Low mammalian species richness is associated with Kyasanur Forest disease outbreak risk in deforested landscapes in the Western Ghats, India

Michael G. Walsh, Rashmi Bhat, Venkatesh Nagarajan-Radha, Prakash Narayanan, Navya Vyas, Shailendra Sawleshwarkar, Chiranjay Mukhopadhyay

Research output: Contribution to journalArticlepeer-review

Abstract

Kyasanur forest disease virus (KFDV) is a rapidly expanding tick-borne zoonotic virus with natural foci in the forested region of the Western Ghats of South India. The Western Ghats is one of the world's most important biodiversity hotspots and, like many such areas of high biodiversity, is under significant pressure from anthropogenic landscape change. The current study sought to quantify mammalian species richness using ensemble models of the distributions of a sample of species extant in the Western Ghats and to explore its association with KFDV outbreaks, as well as the modifying effects of deforestation on this association. Species richness was quantified as a composite of individual species' distributions, as derived from ensembles of boosted regression tree, random forest, and generalised additive models. Species richness was further adjusted for the potential biotic constraints of sympatric species. Both species richness and forest loss demonstrated strong positive associations with KFDV outbreaks, however forest loss substantially modified the association between species richness and outbreaks. High species richness was associated with increased KFDV risk but only in areas of low forest loss. In contrast, lower species richness was associated with increased KFDV risk in areas of greater forest loss. This relationship persisted when species richness was adjusted for biotic constraints at the taluk-level. In addition, the taluk-level species abundances of three monkey species (Macaca radiata, Semnopithecus hypoleucus, and Semnopithecus priam) were also associated with outbreaks. These results suggest that increased monitoring of wildlife in areas of significant habitat fragmentation may add considerably to critical knowledge gaps in KFDV epidemiology and infection ecology and should be incorporated into novel One Health surveillance development for the region. In addition, the inclusion of some primate species as sentinels of KFDV circulation into general wildlife surveillance architecture may add further value.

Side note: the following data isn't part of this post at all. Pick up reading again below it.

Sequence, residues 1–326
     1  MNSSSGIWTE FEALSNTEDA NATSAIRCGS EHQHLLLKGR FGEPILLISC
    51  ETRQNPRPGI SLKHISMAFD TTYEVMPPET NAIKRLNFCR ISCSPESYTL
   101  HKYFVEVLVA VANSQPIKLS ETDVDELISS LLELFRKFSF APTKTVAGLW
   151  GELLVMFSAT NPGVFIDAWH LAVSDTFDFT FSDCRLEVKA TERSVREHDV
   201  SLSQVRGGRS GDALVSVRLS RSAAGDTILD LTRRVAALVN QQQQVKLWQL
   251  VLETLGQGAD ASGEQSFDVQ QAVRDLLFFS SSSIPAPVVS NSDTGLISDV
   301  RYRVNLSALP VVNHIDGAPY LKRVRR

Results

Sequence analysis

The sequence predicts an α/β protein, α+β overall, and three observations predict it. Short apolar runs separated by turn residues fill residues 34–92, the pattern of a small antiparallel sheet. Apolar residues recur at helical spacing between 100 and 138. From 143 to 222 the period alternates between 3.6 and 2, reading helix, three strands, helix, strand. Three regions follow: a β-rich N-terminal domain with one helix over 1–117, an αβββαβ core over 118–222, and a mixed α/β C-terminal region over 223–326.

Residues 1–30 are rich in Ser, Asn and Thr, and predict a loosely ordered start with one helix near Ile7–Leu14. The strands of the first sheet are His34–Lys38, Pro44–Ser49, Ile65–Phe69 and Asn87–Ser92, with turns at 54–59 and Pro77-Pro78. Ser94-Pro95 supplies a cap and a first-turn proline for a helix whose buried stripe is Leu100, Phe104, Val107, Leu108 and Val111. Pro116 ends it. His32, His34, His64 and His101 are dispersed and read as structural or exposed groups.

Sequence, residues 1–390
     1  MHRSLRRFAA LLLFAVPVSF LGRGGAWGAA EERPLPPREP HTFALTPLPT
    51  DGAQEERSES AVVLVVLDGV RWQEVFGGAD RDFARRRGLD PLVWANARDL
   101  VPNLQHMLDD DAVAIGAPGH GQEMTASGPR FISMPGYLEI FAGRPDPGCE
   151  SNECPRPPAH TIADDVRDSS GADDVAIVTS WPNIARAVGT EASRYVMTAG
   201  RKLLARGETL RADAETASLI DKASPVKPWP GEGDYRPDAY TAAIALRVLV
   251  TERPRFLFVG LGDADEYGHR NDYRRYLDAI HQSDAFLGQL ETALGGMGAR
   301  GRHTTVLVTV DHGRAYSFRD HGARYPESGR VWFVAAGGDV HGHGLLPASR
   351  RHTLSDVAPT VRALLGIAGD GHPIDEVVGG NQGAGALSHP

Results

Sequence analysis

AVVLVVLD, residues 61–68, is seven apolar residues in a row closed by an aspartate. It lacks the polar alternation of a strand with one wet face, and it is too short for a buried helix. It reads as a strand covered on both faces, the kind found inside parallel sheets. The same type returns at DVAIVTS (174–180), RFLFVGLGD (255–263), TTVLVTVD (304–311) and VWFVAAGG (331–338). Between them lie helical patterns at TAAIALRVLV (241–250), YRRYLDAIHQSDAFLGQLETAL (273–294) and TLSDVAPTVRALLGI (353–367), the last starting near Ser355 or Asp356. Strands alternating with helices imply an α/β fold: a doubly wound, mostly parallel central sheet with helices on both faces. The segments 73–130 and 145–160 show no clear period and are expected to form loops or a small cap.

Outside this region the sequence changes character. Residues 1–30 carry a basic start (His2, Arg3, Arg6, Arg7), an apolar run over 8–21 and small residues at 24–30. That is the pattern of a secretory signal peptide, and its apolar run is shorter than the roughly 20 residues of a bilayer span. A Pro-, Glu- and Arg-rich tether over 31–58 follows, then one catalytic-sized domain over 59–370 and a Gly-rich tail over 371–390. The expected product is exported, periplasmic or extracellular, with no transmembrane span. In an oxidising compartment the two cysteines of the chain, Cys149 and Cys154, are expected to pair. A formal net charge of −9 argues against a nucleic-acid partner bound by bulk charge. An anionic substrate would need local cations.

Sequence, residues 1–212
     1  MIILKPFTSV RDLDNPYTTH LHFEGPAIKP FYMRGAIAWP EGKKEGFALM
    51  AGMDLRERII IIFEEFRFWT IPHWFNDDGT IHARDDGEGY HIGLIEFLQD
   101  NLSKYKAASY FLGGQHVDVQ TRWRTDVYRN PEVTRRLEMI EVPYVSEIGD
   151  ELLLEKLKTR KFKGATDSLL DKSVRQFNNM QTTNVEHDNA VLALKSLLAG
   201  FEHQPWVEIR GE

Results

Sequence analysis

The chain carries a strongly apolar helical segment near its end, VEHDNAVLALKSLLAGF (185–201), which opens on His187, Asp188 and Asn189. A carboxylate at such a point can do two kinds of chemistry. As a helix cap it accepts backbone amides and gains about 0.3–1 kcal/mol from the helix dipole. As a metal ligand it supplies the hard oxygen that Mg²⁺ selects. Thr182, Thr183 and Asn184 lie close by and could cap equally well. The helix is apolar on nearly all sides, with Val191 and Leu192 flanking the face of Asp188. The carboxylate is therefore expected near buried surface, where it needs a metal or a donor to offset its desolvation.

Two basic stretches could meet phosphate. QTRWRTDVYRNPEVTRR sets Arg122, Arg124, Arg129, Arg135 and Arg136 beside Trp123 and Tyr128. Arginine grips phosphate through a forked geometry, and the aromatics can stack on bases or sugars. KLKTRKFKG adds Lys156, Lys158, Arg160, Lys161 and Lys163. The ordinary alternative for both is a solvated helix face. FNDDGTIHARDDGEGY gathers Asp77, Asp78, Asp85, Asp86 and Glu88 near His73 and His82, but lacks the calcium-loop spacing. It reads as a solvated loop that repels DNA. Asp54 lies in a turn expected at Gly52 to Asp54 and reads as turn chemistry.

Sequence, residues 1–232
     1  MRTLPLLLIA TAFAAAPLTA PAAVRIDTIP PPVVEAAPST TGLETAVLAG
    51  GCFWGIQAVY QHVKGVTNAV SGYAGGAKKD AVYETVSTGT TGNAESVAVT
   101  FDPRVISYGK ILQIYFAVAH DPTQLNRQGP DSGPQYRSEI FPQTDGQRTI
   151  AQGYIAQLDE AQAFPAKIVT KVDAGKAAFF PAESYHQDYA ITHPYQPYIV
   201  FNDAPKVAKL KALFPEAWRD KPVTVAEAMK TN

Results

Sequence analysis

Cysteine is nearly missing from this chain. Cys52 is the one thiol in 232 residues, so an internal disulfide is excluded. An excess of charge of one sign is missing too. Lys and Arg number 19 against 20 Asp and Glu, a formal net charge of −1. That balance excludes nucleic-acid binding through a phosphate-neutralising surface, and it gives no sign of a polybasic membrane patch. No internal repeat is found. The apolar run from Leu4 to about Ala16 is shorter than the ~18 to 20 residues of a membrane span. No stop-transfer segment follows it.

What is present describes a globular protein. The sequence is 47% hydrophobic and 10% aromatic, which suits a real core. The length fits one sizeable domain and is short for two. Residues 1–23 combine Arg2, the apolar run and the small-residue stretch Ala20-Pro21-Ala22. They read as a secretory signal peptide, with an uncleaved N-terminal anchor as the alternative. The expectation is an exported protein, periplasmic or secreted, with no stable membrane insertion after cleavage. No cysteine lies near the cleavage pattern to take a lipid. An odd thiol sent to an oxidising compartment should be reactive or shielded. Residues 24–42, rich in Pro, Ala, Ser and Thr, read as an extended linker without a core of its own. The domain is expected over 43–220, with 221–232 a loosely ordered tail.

Original languageEnglish
Article number100299
JournalOne Health
Volume13
DOIs
Publication statusPublished - 12-2021

All Science Journal Classification (ASJC) codes

  • Public Health, Environmental and Occupational Health
  • Infectious Diseases

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